12.         // internal static void RecycleAppPool(ISharePointProject project)
  13.         // method of DeploymentUtils
  14.         MethodInfo mi_RecycleAppPool = deploymentUtilsType.GetMethod("RecycleAppPool",
  15.                 BindingFlags.NonPublic | BindingFlags.Static);
  16.         if (mi_RecycleAppPool != null)
  17.         {
  18.             // call the static method with the project parameter
  19.             mi_RecycleAppPool.Invoke(null, new object[1] { project });
  20.             LogToOutputWindows(project, "IIS application pool recycled");
  21.         }
  22.         else
  23.         {
  24.             LogToOutputWindows(project, "Recycling IIS application pool failed.");
  25.         }
  26.     }
  27.     catch (Exception ex)
  28.     {
  29.         LogToOutputWindows(project, String.Format("Recycling IIS application pool failed. Exception: {0}", ex.Message));
  30.     }
  31. }

Timer jobs are restarted by the RestartTimerJobs method. This method gets the name of the related jobs using the custom project properties we will discuss soon.

  1. internal static void RestartTimerJobs(ISharePointProject project)
  2. {
  3.     LogToOutputWindows(project, "Restarting timer jobs");
  4.     ISharePointConnection connection = project.SharePointConnection;
  5.     SPVSProjectProps propertiesObject;
  6.  
  7.     if (project.Annotations.TryGetValue<SPVSProjectProps>(out propertiesObject))
  8.     {
  9.         List<String> relatedTimerJobs = new List<String>(propertiesObject.RelatedTimerJobs);
  10.         foreach (String relatedTimerJob in relatedTimerJobs)
  11.         {
  12.             LogToOutputWindows(project, String.Format("Restarting timer job: {0}", relatedTimerJob));
  13.             StartTimerJobResult result = connection.ExecuteCommand<String, StartTimerJobResult>("PHolpar.StartTimerJob", relatedTimerJob);
  14.             if (result.Succeeded)
  15.             {
  16.                 LogToOutputWindows(project, "Job started");
  17.             }
  18.             else
  19.             {
  20.                 LogToOutputWindows(project, result.ResponseMessage);
  21.             }
  22.         }
  23.     }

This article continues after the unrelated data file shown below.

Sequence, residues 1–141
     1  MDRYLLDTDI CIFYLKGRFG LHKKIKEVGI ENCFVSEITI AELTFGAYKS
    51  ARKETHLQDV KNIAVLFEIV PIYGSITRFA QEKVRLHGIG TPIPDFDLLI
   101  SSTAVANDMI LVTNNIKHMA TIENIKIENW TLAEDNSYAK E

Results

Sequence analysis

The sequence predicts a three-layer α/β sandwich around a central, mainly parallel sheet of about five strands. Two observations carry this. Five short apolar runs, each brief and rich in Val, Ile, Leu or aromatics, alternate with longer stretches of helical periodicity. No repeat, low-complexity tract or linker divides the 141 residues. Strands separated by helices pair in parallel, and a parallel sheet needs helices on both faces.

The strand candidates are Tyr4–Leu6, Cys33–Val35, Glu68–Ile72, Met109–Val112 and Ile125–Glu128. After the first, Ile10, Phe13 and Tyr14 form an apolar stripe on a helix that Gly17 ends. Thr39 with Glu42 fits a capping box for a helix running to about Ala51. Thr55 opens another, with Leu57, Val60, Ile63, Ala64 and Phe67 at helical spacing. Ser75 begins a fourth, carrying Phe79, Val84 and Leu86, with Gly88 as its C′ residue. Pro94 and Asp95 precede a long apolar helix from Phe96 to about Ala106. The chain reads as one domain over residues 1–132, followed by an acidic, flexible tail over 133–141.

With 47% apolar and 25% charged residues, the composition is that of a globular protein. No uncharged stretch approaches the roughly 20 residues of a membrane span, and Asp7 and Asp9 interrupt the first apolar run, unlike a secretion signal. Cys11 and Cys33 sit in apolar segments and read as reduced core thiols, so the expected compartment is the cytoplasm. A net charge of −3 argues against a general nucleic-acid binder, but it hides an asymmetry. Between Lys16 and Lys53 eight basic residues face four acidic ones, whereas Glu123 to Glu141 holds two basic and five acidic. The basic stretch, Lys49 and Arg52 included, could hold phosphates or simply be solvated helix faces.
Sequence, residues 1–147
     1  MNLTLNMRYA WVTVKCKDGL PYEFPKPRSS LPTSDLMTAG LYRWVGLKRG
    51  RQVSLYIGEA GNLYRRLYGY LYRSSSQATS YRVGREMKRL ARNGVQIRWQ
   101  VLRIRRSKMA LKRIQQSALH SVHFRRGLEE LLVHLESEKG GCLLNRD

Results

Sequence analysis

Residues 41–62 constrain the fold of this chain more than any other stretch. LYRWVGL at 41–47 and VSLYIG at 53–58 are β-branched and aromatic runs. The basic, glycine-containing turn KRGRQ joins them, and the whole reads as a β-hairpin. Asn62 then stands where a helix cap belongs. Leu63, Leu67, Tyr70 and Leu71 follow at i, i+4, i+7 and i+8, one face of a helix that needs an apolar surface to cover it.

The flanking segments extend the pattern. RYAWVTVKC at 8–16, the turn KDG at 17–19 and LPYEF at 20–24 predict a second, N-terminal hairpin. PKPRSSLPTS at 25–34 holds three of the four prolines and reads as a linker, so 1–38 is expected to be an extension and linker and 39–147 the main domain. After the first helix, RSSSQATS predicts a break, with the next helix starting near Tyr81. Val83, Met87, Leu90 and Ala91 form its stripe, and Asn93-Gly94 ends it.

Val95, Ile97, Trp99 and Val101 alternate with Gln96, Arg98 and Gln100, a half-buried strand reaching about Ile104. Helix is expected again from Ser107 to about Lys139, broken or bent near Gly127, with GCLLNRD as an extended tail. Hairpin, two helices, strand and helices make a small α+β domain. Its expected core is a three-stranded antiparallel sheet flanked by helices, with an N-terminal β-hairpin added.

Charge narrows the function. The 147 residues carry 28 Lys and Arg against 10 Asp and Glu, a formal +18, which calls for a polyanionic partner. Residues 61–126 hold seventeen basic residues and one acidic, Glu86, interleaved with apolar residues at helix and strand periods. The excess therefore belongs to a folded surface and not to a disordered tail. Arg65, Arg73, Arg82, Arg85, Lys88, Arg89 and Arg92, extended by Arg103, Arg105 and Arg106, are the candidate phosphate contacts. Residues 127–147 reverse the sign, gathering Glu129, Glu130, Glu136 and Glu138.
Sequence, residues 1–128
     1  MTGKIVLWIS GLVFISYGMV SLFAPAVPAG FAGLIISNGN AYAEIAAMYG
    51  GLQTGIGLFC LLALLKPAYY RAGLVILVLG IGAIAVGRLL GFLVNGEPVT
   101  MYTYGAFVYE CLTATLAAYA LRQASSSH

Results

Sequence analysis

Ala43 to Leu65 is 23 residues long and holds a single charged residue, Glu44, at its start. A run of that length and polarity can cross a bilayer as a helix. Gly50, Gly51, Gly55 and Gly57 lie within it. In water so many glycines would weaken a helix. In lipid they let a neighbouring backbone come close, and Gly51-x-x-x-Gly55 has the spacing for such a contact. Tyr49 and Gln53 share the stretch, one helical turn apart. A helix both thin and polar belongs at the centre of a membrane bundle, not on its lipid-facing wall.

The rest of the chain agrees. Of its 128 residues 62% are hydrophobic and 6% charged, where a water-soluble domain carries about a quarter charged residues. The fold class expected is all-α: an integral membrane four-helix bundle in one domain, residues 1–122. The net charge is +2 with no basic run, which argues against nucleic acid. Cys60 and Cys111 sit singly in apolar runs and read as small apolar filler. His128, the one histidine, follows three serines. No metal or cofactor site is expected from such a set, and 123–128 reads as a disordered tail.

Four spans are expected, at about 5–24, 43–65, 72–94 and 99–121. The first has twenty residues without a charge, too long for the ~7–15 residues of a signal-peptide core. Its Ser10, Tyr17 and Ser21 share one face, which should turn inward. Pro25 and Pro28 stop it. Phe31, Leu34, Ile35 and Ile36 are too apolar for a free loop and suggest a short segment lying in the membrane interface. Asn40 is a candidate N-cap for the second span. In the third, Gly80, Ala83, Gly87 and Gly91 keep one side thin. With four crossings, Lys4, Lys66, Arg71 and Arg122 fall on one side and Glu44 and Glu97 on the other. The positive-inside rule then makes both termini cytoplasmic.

The restart takes place through the StartTimerJob command defined in a separate 64-bit project in the solution.

  1. [SharePointCommand("PHolpar.StartTimerJob")]
  2. public static StartTimerJobResult StartServiceJob(ISharePointCommandContext context, String jobName)
  3. {
  4.     SPSite site = context.Site;
  5.     return CommandHelper.StartServiceJob(site, jobName);
  6. }

It calls forward into static helper methods again.

  1. public static StartTimerJobResult StartServiceJob(SPSite site, String serviceTypeName, String jobName)
  2.         {
  3.             try
  4.             {
  5.                 foreach (SPJobDefinition jobDefinition in site.WebApplication.JobDefinitions)
  6.                 {
  7.                     Trace.TraceInformation("Job name: '{0}, title: {1}'", jobDefinition.Name, jobDefinition.Title);
  8.                     if ((jobDefinition.Name == jobName) || (jobDefinition.Title == jobName))
  9.                     {
  10.                         Trace.TraceInformation("Job found");
  11.                         if (!JobIsRunning(site.WebApplication.RunningJobs, jobDefinition))
  12.                         {
  13.                             Trace.TraceInformation("Job starting");
  14.                             jobDefinition.RunNow();
  15.                             return new StartTimerJobResult
  16.                                 {
  17.                                     Succeeded = true
  18.                                 };
  19.                         }
  20.                         else
  21.                         {
  22.                             Trace.TraceInformation("Job is already running, cannot be started");
  23.                             return new StartTimerJobResult
  24.                             {
  25.                                 ResponseMessage = "Job is already running, cannot be started",
  26.                                 Succeeded = false
  27.                             };
  28.                         }                      
  29.                     }
  30.                 }
  31.             }
  32.             catch (Exception ex)
  33.             {
  34.                 Trace.TraceError(String.Format("Error in StartServiceJob: '{0}'", ex.Message));
  35.                 return new StartTimerJobResult
  36.                 {
  37.                     ResponseMessage = String.Format("Error in StartServiceJob: '{0}'", ex.Message),
  38.                     Succeeded = false
  39.                 };
  40.             }
  41.             Trace.TraceInformation("Job not found");
  42.             return new StartTimerJobResult